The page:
The Immigration and Nationality Act (INA), as amended by the Immigration Reform and Control Act of 1986 (IRCA), is a federal law covering almost all immigration matters. It protects individuals from employment discrimination based on immigration or citizenship status, and prohibits document abuse discrimination, which occurs when employers request more or different documents than are required to verify employment eligibility and identity, reject reasonably genuine-looking documents, or specify certain documents over others.
While employees are also covered by many other workplace laws, these are the main federal laws that protect workers against discrimination based on national origin. Your state may also include national origin, or other similar qualities, such as “ancestry,” “place of birth” in its anti discrimination law. For more information about what is covered by your state law, see our page on filing a complaint.
Who is protected under the law?
IRCA’s anti-discrimination provision prohibits discrimination against “protected individuals,” who include citizens or nationals of the United States, permanent residents, lawful temporary residents, refugees, and asylees.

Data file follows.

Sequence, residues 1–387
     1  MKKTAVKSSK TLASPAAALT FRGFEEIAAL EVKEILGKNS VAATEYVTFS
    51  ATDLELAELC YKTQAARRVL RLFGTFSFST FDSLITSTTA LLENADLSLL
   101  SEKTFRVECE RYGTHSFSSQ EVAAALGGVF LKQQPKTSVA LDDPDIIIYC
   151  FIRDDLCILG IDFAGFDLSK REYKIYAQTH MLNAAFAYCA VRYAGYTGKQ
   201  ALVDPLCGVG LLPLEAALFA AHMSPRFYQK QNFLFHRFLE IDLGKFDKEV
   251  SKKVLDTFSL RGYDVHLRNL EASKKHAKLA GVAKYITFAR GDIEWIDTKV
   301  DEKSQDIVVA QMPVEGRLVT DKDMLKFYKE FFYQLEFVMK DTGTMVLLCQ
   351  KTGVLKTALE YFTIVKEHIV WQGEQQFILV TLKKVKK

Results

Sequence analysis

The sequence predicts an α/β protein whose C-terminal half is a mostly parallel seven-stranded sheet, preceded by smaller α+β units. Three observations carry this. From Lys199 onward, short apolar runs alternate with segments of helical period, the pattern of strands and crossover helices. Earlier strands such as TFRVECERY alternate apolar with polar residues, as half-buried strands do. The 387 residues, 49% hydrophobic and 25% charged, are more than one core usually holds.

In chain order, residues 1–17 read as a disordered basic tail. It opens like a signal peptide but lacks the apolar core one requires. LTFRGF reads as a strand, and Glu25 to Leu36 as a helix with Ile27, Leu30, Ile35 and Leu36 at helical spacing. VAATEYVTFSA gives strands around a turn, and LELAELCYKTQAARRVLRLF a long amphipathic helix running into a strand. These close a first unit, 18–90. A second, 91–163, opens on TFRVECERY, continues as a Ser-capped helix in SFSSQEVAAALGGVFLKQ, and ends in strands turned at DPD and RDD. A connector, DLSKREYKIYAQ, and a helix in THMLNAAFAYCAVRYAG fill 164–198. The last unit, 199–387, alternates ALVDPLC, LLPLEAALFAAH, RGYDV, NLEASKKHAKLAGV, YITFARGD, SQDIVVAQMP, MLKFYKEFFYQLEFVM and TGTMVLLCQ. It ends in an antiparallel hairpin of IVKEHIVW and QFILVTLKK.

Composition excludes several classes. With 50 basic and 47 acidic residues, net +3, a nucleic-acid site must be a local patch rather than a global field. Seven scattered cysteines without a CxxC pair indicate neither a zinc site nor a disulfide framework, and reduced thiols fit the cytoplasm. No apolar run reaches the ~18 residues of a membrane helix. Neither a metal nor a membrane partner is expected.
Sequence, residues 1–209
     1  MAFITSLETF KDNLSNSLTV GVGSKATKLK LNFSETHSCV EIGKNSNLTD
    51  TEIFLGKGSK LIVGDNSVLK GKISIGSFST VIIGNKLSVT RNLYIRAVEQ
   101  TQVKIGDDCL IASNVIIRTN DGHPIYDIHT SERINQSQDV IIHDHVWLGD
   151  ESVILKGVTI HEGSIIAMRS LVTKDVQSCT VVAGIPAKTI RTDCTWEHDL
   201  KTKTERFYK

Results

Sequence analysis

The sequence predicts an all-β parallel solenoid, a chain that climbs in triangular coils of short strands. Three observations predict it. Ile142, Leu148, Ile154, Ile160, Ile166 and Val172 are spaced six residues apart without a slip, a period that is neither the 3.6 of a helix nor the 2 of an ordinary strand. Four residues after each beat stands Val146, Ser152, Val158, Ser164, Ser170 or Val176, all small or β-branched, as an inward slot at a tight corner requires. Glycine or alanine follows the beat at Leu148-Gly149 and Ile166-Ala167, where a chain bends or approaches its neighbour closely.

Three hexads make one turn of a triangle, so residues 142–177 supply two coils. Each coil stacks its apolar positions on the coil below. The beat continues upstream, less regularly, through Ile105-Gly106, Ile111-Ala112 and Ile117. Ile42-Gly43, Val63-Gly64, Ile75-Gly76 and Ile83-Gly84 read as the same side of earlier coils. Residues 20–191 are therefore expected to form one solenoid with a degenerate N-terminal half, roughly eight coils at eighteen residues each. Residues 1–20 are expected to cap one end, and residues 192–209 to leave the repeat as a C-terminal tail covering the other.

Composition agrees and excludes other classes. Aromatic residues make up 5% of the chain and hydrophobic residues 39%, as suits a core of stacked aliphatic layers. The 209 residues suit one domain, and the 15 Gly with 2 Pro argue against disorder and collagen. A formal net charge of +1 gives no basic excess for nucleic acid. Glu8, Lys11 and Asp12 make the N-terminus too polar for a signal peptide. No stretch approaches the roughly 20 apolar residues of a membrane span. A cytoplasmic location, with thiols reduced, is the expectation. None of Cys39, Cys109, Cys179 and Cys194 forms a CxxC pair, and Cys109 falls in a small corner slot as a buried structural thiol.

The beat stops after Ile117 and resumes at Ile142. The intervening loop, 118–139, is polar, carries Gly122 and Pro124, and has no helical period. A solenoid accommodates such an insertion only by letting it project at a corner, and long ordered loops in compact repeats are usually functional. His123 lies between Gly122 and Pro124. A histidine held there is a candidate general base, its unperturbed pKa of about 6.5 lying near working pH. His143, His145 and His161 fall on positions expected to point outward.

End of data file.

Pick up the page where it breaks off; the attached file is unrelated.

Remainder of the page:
U.S. citizens, U.S. nationals, and authorized non-citizens are protected from discrimination on the basis of national origin, if the employer employs more than 4 employees. While Title VII covers only those workplaces where the employer employs more than 15 employees, INA/IRCA prohibits discrimination on the basis of national origin in workplaces where the employer employs between 4 and 14 employees. Some states also make it illegal to discriminate on the basis of national origin.
The law’s protections apply to both current workers and job applicants. If you are a current employee and are fired or not promoted due to your national origin, you are protected under the law. If you are not hired due to your national origin, you are also protected under the law.
Which employers are covered by the law?